This showed itself dramatically when NEO was first being touted. Airlines want a more efficient aircraft and are facing ever increasing fuel costs. A new aircraft impacts RVs for lessors so they don’t want it to exist. Therefore, forget the customers’ needs, lobby to say that NEO is a bad thing. I am quite surprised that the airlines don’t seem to ever tell them to shut up and remember what they are there for. When they wanted rate cuts during the recession they repeated the pattern and apparently this hasn’t changed

    Sure, as a lessor you have to do what is best for your business but I would think being a little less self-serving in public would be good for business.

  3. The AerCap interview with The Wall Street Journal, confirmed my concerns
    about the subject for quit a while, especially with the large deficits and result-
    ing unemployment rates mounting in Europe and the US as well.
    I hope I am wrong, but I am afraid that a lot of the airlines “buying” now, is
    more of an “insurance” and a “I am just as confident as you are” factor, than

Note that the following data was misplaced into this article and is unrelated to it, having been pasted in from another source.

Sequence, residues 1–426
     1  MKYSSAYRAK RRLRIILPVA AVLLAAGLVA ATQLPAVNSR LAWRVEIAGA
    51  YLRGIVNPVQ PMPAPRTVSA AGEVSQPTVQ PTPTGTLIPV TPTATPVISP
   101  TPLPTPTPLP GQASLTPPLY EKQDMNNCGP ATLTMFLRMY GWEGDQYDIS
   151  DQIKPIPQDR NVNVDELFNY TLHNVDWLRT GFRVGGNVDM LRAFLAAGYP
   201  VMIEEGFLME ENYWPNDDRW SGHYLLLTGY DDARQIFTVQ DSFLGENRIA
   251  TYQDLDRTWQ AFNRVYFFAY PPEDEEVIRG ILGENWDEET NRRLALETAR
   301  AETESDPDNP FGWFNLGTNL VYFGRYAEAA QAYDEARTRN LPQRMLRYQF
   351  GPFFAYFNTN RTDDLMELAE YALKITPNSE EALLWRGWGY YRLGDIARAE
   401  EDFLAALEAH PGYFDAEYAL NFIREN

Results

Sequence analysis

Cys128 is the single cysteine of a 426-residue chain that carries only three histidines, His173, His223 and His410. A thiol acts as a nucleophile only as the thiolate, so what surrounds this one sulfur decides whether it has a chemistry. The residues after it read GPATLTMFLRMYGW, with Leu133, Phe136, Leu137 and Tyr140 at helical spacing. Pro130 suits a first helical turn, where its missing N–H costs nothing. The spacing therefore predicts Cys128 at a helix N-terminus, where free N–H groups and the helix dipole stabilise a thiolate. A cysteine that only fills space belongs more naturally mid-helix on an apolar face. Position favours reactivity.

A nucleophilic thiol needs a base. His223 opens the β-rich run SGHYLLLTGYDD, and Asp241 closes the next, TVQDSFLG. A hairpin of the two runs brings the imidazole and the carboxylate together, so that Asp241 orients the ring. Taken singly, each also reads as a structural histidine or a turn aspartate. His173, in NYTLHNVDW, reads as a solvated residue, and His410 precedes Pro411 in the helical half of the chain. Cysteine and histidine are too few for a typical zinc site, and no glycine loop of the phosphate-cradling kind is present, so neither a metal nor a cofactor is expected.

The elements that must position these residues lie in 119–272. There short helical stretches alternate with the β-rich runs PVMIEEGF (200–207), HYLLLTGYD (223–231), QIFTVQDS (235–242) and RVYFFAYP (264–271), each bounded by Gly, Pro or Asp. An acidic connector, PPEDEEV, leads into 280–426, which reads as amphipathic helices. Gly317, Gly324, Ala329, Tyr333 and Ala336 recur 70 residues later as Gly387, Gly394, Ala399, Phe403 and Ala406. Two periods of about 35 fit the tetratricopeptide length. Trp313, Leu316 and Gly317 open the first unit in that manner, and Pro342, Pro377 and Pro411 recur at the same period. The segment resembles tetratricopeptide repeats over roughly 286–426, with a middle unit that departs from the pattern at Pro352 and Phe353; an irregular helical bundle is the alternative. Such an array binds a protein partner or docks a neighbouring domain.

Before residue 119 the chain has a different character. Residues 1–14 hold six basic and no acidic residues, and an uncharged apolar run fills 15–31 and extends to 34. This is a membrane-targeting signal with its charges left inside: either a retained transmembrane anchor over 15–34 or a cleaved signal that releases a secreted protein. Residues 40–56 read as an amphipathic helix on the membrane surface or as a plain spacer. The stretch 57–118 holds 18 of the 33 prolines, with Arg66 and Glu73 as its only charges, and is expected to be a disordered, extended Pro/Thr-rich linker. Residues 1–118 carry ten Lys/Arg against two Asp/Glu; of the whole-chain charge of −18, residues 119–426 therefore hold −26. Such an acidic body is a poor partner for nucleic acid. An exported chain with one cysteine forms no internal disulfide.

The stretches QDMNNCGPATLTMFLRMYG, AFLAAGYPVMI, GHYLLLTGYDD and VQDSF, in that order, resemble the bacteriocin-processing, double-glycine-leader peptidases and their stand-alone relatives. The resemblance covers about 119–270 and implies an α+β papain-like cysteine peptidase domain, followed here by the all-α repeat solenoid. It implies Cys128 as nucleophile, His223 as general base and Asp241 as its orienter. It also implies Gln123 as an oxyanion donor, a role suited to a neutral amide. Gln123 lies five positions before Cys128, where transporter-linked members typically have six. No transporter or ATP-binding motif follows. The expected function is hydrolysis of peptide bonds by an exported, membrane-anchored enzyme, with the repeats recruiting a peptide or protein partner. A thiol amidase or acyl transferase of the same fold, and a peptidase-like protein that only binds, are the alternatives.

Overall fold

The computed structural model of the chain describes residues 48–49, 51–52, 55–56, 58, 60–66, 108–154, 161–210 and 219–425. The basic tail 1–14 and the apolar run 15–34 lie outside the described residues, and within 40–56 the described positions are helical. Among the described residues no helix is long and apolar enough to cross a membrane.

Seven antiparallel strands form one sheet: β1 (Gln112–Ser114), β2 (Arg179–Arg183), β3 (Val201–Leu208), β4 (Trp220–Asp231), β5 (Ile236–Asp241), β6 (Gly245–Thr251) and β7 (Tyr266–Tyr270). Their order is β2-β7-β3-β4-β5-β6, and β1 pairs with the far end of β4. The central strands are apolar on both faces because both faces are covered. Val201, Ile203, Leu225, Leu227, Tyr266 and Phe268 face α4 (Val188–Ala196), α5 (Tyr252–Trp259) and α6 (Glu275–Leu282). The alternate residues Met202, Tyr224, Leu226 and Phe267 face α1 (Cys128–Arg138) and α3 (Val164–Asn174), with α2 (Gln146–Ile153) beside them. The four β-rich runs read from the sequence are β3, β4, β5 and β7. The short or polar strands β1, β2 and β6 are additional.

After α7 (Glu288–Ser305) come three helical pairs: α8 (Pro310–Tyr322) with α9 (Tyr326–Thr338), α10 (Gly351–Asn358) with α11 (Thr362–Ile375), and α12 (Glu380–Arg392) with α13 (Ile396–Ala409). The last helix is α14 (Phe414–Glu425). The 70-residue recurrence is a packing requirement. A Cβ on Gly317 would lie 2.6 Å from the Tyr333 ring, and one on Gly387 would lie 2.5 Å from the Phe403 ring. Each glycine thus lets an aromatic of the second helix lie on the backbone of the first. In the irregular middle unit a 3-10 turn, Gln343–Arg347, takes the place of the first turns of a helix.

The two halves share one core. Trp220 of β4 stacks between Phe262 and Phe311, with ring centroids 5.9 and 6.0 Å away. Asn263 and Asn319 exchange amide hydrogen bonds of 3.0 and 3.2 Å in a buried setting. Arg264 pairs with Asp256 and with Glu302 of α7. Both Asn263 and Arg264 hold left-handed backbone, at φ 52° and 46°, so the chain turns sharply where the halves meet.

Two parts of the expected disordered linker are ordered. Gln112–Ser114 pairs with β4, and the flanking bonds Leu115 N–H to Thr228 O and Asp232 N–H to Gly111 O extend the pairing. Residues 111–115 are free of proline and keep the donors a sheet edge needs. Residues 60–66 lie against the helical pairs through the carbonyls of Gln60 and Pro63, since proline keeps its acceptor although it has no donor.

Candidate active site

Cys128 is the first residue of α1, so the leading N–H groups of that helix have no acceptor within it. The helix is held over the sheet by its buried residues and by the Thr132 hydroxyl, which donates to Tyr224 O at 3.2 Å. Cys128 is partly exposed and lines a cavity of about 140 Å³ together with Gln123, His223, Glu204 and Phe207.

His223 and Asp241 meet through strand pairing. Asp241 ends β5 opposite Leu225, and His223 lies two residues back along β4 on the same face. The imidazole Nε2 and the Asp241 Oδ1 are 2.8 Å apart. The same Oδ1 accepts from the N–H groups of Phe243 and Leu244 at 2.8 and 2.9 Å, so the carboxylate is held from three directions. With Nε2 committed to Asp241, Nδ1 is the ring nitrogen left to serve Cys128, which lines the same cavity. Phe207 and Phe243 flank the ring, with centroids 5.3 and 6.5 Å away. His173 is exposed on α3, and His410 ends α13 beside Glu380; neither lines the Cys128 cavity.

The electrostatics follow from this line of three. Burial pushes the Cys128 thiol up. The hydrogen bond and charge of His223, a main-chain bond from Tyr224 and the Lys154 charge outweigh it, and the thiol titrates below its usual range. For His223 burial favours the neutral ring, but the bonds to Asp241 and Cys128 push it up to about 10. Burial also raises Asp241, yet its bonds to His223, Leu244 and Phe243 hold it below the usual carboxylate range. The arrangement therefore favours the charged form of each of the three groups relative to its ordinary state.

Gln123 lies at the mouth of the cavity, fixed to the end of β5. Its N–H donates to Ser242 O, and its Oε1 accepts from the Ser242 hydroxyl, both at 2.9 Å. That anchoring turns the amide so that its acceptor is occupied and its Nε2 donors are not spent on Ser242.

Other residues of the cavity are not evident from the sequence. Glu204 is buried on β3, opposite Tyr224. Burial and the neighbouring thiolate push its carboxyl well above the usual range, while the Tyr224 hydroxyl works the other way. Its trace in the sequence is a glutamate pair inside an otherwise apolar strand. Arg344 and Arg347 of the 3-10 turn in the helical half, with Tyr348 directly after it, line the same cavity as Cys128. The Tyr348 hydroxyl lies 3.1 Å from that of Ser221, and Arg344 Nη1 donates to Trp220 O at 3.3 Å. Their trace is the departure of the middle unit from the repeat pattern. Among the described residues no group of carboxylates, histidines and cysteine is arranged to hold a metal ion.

a justified confidence under the worldwide financial conditions prevailing at
    this time! It did happen many times before!

  4. I would argue that the production rate doesn’t matter much. The price of oil controls the value of aircraft relative to each other.

    • Will be interesting to see if Boeing pampering pricing for used articles will stay effective.
      i.e. will they be able to hold up their reality distortion field ?

  5. VeroVenia
    Your above mentioned entry, made for very interesting reading!
    However, my experience with the airlines I worked with, indicated that if
    traffic and thus revenue was/is down (substantially) the airlines are either
    going to have to cancel orders if they still can, or they will have to ground
    aircraft, no matter how efficient they are!
    Older, less efficient aircraft, will be grounded first, ofcourse, but that will also
    cost money, equivalent to revenue loss and the leasing/bank payments, both
    of which will amount to “less money coming in and thus less money out” to
    pay for efficient/not efficient aircraft already in service, making cancellations
    of new aircraft on order, the only option left!
    But than, I am NOT an economist!

  6. The manufacturers have added more flexibility in recent years and have less issues reducing the rate. The investments made are mostly in faster assembly. Neither Boeing nor Airbus have added any substantial infrastructure.